Returning to II-II Q66 A2, Thomas narrows his inquiry from the broad – whether it is natural for man in general to possess things in general – to the specific: “whether it is lawful for a man to possess a thing as his own?” Here, Thomas is responding to those who would claim that because all things are God’s property, no man can really have ownership over anything. In support of this he quotes Basil and Ambrose, who condemn the rich who seize as their own things which rightfully belong as common goods to all.  First, Thomas replies that private possession of things serves both practical ends (it induces men to labor with more care over things which are their own, it prevents the confusion of ownership and responsibility that is present when all things are owned in common) and spiritual/moral ends (the possession of private property allows people to be generous and to develop the virtues of giving to those in need).

Thomas then gives what is probably his most controversial statement in the question, and what might reasonably be considered a summary of his position on the nature of private property:

Community of goods is ascribed to the natural law, not that the natural law dictates that all things should be possessed in common and that nothing should be possessed as one’s own: but because the division of possessions is not according to the natural law, but rather arose from human agreement which belongs to positive law, as stated above. Hence the ownership of possessions is not contrary to the natural law, but an addition thereto devised by human reason.[2]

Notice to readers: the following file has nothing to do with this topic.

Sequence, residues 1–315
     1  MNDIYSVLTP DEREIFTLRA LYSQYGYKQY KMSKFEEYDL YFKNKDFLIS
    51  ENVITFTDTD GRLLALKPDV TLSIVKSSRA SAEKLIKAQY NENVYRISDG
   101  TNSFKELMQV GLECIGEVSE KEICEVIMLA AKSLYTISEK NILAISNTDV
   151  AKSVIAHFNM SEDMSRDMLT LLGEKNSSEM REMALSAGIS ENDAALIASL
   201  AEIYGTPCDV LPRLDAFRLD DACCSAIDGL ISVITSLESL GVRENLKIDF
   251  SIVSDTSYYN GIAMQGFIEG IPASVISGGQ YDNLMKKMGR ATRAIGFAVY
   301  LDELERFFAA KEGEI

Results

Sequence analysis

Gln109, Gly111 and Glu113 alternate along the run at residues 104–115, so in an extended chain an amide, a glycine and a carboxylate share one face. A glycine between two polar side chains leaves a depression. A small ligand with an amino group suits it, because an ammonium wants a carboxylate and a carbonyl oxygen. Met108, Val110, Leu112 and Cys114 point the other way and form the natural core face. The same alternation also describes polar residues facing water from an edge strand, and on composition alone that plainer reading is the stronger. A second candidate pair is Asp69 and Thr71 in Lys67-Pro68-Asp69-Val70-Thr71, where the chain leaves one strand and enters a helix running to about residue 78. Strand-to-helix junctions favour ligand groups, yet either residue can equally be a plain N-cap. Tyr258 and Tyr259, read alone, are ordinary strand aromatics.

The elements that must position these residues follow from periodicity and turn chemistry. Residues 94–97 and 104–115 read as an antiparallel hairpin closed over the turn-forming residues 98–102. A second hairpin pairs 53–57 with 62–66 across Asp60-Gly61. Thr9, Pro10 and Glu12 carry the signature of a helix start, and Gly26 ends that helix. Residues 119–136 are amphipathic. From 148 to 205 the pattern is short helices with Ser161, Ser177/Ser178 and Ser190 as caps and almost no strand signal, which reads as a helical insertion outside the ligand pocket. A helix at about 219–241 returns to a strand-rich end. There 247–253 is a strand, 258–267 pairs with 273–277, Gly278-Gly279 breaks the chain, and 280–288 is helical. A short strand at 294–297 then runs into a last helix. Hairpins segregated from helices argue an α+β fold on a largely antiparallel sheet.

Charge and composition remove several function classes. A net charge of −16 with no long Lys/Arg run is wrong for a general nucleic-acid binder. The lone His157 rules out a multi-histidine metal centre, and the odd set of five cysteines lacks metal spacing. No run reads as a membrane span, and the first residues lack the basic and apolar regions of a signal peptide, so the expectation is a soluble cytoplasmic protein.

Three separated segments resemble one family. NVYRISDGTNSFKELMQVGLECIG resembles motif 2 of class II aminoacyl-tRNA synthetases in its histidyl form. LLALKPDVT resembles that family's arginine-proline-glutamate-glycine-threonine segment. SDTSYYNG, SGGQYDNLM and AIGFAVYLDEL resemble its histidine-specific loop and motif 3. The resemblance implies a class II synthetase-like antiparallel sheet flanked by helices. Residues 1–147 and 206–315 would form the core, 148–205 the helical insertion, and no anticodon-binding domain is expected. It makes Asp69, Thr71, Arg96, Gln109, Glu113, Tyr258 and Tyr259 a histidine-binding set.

What Thomas is doing here is delineating the status of private property in relation to the laws (differentiating between the natural law and the human law), and making clear the significance of property both as a social or practical institution (which he derives from Aristotle and from several Roman jurists) and as a thing understood within the idealistic Christian-theological (which he derives from multiple Christian sources, but primarily the Gospel writers and the early Church fathers) worldview. Speaking again on the same topic, in another section of the Summa Theologica concerning the natural law, Thomas writes that

A thing is said to belong to the natural law in two ways. First, because nature inclines thereto: e.g. that one should not do harm to another. Secondly, because nature did not bring in the contrary: thus we might say that for man to be naked is of the natural law, because nature did not give him clothes, but art invented them. In this sense, “the possession of all things in common and universal freedom” are said to be of the natural law, because, to wit, the distinction of possessions […] [was] not brought in by nature, but devised by human reason for the benefit of human life.[3]